In those dark days when she was battling thyroid cancer, and then again 13 years later when she was dealing with melanoma, Teresa McConville always had Lance Armstrong. Sure, of course, her husband was there by her side, as well as her two daughters, and the friends she made in Sonoma County. And the oncologists. She'll never forget the oncologists. Yes, Teresa's team were many and they were strong.
But Lance, well, this was different for McConville. He was waging the war publicly against the disease, beating testicular cancer, then beating everyone on the bike for seven years at the Tour de France.
“Sure, winning all those years, things seemed a little fishy,” McConville said. “I mean there are so many good cyclists in the world.”
Still, McConville believed in Armstrong if for no other reason than she wanted to believe. People who have or are fighting cancer look for support and hope wherever they can find it. And Armstrong, well, he made it easy for people to find him. He was everywhere. With celebrities. With proclamations. With those yellow wristbands. With “Livestrong” on his wrist wherever he went. Cancer changes people and oh my gosh, look what it did to Lance Armstrong! He beat it and is now our spear carrier, McConville thought, leading our fight, the good fight.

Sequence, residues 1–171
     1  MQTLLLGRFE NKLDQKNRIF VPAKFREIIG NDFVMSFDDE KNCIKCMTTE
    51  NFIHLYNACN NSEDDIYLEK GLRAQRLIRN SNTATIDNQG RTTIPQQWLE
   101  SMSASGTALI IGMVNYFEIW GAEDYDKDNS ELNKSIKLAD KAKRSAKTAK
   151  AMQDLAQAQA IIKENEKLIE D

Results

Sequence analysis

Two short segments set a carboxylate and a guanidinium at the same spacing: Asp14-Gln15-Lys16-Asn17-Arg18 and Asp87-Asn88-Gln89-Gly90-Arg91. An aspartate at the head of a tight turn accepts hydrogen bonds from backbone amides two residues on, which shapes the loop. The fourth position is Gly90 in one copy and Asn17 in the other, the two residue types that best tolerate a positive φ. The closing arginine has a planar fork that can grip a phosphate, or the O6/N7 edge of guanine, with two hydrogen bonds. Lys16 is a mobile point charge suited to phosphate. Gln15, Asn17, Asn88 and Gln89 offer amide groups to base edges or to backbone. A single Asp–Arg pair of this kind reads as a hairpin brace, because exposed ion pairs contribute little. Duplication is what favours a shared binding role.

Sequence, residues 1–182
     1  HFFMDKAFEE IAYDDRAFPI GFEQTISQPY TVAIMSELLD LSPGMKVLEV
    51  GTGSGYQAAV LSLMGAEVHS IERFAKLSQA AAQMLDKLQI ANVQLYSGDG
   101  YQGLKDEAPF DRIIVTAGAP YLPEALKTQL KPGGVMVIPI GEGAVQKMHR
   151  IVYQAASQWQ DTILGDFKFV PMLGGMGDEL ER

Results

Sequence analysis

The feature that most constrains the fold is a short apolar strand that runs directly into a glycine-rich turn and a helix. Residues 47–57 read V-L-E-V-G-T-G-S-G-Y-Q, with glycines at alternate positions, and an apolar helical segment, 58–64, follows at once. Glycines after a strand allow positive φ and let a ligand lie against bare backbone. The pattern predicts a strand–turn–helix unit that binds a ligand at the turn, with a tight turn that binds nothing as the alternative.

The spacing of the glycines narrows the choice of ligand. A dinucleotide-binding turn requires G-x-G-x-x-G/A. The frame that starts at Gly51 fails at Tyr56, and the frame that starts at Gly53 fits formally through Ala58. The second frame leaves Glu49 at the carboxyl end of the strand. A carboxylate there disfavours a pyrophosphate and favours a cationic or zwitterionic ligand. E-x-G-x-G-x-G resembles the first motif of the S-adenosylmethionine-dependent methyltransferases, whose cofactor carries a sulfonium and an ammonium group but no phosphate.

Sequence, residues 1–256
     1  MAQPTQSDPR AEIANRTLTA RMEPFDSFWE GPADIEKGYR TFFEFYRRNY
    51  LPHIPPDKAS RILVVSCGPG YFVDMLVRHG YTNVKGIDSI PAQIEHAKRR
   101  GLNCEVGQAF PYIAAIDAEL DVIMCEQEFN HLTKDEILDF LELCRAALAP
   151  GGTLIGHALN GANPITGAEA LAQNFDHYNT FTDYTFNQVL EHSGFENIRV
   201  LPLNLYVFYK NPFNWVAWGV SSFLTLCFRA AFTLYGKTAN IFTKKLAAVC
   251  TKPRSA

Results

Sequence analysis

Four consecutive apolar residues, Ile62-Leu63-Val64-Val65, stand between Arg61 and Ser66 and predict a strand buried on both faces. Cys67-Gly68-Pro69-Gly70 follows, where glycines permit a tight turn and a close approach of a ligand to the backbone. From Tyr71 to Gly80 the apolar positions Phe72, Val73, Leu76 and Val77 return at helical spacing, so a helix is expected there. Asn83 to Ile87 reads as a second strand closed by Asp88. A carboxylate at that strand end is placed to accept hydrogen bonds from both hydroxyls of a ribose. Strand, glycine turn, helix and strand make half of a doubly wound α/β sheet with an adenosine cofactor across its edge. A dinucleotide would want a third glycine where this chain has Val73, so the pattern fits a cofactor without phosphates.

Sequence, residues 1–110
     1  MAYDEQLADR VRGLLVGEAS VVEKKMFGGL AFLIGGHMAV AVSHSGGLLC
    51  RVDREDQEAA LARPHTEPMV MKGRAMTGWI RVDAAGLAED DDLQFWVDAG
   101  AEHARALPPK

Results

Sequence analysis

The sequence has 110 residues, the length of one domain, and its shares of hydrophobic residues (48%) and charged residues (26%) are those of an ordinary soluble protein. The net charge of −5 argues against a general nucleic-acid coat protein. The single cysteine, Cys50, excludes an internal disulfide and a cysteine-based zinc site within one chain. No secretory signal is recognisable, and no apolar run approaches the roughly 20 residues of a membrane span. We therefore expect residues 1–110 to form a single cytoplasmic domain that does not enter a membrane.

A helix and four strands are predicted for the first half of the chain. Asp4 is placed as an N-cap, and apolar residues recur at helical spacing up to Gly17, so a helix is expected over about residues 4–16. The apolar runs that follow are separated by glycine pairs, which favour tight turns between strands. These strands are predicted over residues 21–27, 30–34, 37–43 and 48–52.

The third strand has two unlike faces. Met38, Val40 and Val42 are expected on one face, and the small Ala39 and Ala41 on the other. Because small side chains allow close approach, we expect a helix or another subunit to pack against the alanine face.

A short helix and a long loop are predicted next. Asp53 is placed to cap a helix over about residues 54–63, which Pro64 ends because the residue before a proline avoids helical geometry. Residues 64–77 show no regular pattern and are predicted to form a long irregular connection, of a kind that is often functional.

“He gave a lot of inspiration to me,” said McConville, who lived in Santa Rosa for 12 years and is returning to the city for good this summer after spending two years in Fresno.
McConville, 56, didn't watch the two-part Armstrong interview conducted by Oprah Winfrey last week. She already has learned enough through various media sources. Lance will say he doped. Lance will say he is sorry. Lance will say he is flawed. Lance won't go into details and McConville, whose daughters went to high school at Piner and Santa Rosa, didn't care about the details.